I recently bought the Wisdom 2 iOS app because I had heard good things about the previous version and found a great deal for it on the iTunes store (Apparently it has been reduced to $11.99 from around $30 until the end of this month). I have been using the dictionary for the last couple of weeks and have to say that it has already taken a central role in my Japanese studies and my everyday life too.
Often, I find myself talking to friends or colleagues and have a word on the tip of my tongue that I just can’t remember. Other times, I wonder how to say a certain phrase in Japanese that I have never considered before or want to explain a concept to someone but my explanation is faltering from a lack of active vocabulary. Normally, if this was a language exchange or some other event where I would expect to practise Japanese, I would bring my electronic dictionary but it’s not exactly practical (or sociable!) to whip your Seiko out in the middle of a crowded izakaya. iPhone apps are much quicker and more convenient in those situations. That’s where Wisdom 2 comes in handy.
How I am using it
I haven’t really used Wisdom 2 for long study sessions although I’m sure it could be used that way. I’m using it more as an on-the-go kind of dictionary that helps me look up words speedily when I don’t have a PC or dictionary at hand.
I read through the example sentences a lot and also like the fact that you can directly look up any unknown words from the example sentences by simply holding down the word. As this is a dictionary in the classic sense, there aren’t many study tools or review options for learning the new vocabulary. There is a fairly simple bookmarking function though (that incidentally backs up to iCloud) that allows you to save new words for later.
The Wisdom 2 dictionary
Wisdom 2 is based on the “Wisdom English-Japanese Dictionary 3rd edition” and contains more than 100,000 entries, which should be enough to keep you busy. Although it comes recommended for people like us who study Japanese, Wisdom 2 has evidently been made with Japanese learners of English in mind. If you are just starting out in your Japanese studies, you should be aware that the app’s interface is only available in Japanese so you should be at least an intermediate Japanese reading level before considering this.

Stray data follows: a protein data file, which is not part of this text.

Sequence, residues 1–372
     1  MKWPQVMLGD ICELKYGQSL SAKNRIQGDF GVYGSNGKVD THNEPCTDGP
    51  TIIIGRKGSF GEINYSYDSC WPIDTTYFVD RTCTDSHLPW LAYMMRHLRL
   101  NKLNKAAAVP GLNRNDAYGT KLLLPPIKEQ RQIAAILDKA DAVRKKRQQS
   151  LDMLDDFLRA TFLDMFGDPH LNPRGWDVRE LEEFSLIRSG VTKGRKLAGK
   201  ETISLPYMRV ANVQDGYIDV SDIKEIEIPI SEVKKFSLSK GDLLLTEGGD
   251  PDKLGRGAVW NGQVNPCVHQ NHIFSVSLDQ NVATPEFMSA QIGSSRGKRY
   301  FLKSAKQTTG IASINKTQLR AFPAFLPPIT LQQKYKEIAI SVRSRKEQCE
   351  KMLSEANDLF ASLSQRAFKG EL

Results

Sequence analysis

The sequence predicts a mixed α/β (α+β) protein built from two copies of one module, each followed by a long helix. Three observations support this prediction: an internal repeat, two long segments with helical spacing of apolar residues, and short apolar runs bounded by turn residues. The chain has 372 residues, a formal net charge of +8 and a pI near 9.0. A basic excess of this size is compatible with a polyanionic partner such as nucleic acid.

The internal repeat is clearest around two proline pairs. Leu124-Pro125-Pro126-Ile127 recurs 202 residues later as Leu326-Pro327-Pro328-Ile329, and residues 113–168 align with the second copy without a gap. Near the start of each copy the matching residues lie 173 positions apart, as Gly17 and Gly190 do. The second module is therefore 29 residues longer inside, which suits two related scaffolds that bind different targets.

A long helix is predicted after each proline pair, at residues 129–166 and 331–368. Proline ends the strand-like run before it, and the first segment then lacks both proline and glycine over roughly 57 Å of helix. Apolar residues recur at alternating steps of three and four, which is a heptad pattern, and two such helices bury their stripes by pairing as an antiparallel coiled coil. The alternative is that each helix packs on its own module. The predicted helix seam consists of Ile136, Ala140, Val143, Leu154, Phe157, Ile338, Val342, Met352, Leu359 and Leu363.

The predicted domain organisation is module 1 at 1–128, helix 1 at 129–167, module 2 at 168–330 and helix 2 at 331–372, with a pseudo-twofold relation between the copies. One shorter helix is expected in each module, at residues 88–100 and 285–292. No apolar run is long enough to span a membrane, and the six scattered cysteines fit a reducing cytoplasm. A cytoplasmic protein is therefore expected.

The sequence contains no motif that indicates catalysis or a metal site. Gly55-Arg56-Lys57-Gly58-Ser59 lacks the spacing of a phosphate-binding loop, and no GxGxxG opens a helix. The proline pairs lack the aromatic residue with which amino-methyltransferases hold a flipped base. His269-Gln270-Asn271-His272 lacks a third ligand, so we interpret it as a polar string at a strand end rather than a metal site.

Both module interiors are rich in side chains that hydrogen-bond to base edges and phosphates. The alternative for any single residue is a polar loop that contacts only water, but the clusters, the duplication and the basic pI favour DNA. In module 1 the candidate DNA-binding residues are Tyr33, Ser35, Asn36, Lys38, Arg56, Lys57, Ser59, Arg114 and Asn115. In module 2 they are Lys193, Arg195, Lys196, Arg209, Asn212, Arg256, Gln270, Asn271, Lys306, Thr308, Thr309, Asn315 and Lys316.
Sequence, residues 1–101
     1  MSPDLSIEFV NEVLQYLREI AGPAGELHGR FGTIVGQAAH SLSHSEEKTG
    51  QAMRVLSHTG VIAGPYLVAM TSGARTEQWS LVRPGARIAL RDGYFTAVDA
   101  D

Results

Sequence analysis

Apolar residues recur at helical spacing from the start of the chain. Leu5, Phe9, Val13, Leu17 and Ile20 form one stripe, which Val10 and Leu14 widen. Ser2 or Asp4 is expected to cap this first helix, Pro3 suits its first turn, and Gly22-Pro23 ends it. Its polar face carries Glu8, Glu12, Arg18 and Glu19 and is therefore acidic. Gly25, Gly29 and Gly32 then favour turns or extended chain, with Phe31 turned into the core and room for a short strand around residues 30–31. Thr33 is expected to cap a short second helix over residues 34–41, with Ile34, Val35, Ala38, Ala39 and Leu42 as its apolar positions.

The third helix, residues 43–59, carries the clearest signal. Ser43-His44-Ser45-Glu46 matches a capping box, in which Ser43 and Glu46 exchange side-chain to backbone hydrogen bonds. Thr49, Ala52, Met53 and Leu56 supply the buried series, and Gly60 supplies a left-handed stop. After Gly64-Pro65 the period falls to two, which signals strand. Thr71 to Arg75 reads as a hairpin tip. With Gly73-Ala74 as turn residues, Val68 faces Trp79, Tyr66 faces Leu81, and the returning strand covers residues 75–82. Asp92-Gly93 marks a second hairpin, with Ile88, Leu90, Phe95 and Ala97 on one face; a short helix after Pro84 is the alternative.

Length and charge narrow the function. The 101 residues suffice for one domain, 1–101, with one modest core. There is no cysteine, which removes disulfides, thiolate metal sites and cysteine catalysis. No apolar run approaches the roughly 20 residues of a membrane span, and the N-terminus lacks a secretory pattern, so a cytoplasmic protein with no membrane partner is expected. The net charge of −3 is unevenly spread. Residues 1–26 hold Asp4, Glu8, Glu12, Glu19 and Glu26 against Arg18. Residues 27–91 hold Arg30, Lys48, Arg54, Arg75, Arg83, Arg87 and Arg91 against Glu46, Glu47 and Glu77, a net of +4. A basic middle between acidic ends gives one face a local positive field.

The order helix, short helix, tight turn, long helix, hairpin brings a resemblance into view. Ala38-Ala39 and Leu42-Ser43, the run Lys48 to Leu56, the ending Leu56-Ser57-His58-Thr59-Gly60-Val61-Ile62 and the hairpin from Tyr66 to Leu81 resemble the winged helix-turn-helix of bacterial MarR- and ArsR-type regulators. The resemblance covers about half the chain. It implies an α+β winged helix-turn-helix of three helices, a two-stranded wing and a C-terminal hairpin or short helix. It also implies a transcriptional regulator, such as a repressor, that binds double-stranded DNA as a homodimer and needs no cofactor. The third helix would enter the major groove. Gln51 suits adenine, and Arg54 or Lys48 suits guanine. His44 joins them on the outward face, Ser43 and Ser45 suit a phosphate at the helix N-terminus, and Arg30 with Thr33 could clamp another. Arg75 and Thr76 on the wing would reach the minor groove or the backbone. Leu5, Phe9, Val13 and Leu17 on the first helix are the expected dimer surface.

What’s New in the latest version (Version 1.0.1)
According to the developers, here is of what’s new for the latest release (rough translation):
– Character size settings can now be modified more precisely.
– A clipboard search function has been added. By turning “Clipboard Search” on in the settings menu, you can now search text copied from other apps when you start up Wisdom 2.
– Problem fixed for display of invalid characters in the Japanese-English dictionary contents.
– Problem solved for iPhone/iPod touch when text selected for an extended amount of time remains displayed even after the selection has been cancelled.
– The viewing history is now also updated when a word is chosen from within the viewing history itself.
– The functionality for clearing previous searches has been improved.
All in all, Wisdom 2 is a valuable tool for learning Japanese. If you are serious about learning Japanese, then this app is a good choice. Check it out and tell us what you think!
The Perapera Team
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Rohan has spent years studying Japanese, Chinese and Korean, and currently lives in Japan. He created the perapera pop-up dictionary plugins to help other learners of Chinese and Japanese.